Nippon Life of Japan is in the process of completing its acquisition of a 75% stake in Reliance Nippon Asset Management Co., as its former partner Reliance Capital makes an exit. Minoru Kimora, executive officer and head of Asia Pacific at Nippon Life Insurance Co., talks about the debt crisis and the new risk management practices that can be brought to India. He also revealed their plans to unveil a new direct selling strategy in the life insurance space

What has your experience of the Indian mutual fund industry been so far?

We invested in Reliance Nippon Life Asset Management Co. in 2012 and we saw very good growth over the next seven years. This investment has been one of the most successful ones in our long history. We came to India to try to capture the growth potential in the life insurance and mutual fund industries and we believe that it was right to come to this country. We are long-term-oriented investors. There have been some fluctuations but in the long run, we do not see any big challenge.

What are the risk and asset management practices that Nippon will bring to Indian asset management?

Japan has also learnt from global best practices in both asset management and life insurance. The Indian market is still very domestic in the sense of customers, investors and products. This is because India’s growth potential and higher yields are attractive enough. Indian investors don’t need to go out of India. However, as the market matures, there will be some demand from clients for international diversification opportunities.

A global trend at present is giving due consideration to ESG (environment social governance) factors in the investment process. In India, this aspect is not paid as much attention. But in the long run, consideration of non-financial factors will increase in importance. We can bring these ESG processes to India as global best practices.

In terms of products, there are many outside India in the hybrid and multi-asset space. Here, pure equity or pure debt products dominate. As the market matures, our company can prepare for this shift and build a track record in such products.

A Morningstar report puts India as the fourth most expensive in terms of the equity fund costs out of the 26 markets it tracks. Has the time come to shift from active to passive funds in India?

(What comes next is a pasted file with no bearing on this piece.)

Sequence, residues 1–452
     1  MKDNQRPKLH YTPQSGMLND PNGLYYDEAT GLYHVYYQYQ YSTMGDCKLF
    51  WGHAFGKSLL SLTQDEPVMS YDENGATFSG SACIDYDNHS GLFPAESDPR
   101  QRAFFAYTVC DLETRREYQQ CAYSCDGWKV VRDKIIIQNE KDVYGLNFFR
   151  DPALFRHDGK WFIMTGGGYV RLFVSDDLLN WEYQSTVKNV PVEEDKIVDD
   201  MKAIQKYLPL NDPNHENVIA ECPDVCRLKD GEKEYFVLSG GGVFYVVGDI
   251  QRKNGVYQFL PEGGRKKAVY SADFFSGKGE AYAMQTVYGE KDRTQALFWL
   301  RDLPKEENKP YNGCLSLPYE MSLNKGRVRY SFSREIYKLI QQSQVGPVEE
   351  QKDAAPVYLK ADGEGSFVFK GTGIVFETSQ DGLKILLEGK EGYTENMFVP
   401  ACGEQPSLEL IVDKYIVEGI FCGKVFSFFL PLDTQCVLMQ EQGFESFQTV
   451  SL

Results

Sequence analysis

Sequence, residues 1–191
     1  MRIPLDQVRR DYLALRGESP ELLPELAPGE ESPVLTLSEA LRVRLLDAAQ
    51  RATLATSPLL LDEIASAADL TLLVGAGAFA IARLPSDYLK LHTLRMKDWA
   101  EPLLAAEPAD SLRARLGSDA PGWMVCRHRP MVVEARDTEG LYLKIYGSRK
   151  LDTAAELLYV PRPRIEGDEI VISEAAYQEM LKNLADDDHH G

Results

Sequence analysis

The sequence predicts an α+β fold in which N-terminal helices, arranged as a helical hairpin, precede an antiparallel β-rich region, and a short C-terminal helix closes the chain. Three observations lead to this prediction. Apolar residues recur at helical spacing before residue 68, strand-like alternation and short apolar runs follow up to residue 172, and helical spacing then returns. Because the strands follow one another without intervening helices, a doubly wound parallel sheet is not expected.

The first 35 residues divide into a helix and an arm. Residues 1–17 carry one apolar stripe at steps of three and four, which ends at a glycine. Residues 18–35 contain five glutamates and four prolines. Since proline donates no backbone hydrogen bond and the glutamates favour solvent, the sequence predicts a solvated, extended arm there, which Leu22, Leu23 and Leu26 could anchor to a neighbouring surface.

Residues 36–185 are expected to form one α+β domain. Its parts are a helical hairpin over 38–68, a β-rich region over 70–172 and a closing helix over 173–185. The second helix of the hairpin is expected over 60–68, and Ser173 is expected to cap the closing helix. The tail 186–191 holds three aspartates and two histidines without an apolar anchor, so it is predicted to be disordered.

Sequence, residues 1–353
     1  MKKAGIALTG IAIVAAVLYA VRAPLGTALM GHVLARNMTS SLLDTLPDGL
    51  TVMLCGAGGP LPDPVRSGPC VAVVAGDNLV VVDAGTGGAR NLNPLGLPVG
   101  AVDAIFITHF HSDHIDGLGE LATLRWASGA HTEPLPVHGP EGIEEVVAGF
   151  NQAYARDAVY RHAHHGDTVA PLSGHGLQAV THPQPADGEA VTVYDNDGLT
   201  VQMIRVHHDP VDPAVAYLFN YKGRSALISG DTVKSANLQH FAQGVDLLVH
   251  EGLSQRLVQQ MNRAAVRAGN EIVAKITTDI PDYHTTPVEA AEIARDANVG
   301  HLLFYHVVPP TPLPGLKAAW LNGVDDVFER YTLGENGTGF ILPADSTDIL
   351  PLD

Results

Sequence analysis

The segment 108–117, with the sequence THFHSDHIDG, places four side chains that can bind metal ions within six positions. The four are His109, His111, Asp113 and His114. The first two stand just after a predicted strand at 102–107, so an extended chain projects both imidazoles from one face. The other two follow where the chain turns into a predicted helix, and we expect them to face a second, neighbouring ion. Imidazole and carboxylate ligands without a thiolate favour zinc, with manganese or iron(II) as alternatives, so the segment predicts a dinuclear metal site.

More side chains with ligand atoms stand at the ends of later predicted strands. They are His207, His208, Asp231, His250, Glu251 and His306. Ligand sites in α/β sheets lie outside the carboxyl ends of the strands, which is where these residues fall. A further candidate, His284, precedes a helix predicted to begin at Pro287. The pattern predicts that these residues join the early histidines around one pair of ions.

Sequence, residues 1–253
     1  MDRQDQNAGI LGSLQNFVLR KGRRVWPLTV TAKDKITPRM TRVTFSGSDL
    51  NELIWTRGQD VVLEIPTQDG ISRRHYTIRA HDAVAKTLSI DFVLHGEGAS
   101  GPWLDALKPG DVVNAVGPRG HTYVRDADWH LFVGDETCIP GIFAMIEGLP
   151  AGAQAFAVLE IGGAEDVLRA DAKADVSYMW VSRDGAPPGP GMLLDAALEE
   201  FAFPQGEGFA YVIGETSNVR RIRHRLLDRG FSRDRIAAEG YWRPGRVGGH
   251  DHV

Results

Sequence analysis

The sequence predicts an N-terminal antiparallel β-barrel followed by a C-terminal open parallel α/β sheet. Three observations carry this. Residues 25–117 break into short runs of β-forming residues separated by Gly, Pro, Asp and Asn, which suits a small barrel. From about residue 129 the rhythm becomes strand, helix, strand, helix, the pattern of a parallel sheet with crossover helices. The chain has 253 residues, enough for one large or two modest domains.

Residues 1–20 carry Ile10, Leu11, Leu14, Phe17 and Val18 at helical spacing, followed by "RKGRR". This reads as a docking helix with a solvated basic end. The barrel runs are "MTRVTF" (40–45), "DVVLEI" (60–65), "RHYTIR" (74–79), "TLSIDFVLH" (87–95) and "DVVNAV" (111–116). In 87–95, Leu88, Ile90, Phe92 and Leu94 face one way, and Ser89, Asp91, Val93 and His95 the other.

The global trend is active to passive and it is a very strong and long-standing trend. India is still dominated by active funds. Active funds in India still have a lot of opportunity to create an alpha compared to more mature markets like the US. However, costs may be more important for institutional clients who might hence invest in the passive side. Our passive products in India are a kind of preparation for growth in passive funds.

India has been undergoing a debt crisis for the past year. Several funds of Reliance Nippon Life AMC were found to be holding bad debt. What changes are you making to ensure that this does not happen again?

The current debt crisis in India is a very big one. Investors of not just Reliance Nippon Life AMC but every other AMC are facing a very big challenge. It is similar to the 2008 Lehman global shock. In the long run, our credit team has a strong capability and can analyse and manage the current tough situation. A more robust process in credit analysis, more detailed risk management and control on exposure to single issuers will have to be implemented to avoid a similar situation in the future.

What are the challenges hindering the adoption of life insurance in India?

The life insurance market is growing healthily although some regulations are affecting the behaviour of companies and potential clients. Unit-linked insurance plan (Ulip) is the most popular product and most of it is sold by banks. However, the basic concept of life insurance is protection. In asset management, you can choose mutual fund, life insurance or other types of products but only life insurance can provide protection. As a player in the insurance industry, we should emphasize on protection more not only in terms of death benefit but also in terms of health insurance.

We are focusing strongly on the direct face-to-face distribution channel which we are bringing from the Japanese experience. In this channel, female agents directly sell insurance to clients face-to-face because for protection, people have to be convinced by advisers and this takes a long time. These agents would be paid a fixed amount and they would get commissions if they exceed targets. This is the traditional mode in Japan unlike in India where most agents are commission-based rather than fixed. The advantage of the direct channel is that we can educate our agents on the product and how to communicate with clients and also after-sales service.

How can technology cut expenses and bring mutual funds and insurance closer to clients?

We are implementing a lot of technologies in various areas. For example, our customers can easily connect to the company through mobile applications for insurance claims, questions or procedures like change of address, phone, among others. Our customers can benefit from technology in this way. In India, identification of customer is critical to avoid mis-selling. Facial and voice recognition make it easier to verify identity. We are implementing those kind of things in our operations. Underwriting can also be done through artificial intelligence-based robotics over shorter time frames.

If the FDI cap in insurance changes, will you be open to increasing your stake in the life insurance business?

At this moment, I cannot give a complete answer but we are committed to India for future growth, not only in life insurance but also in mutual funds.

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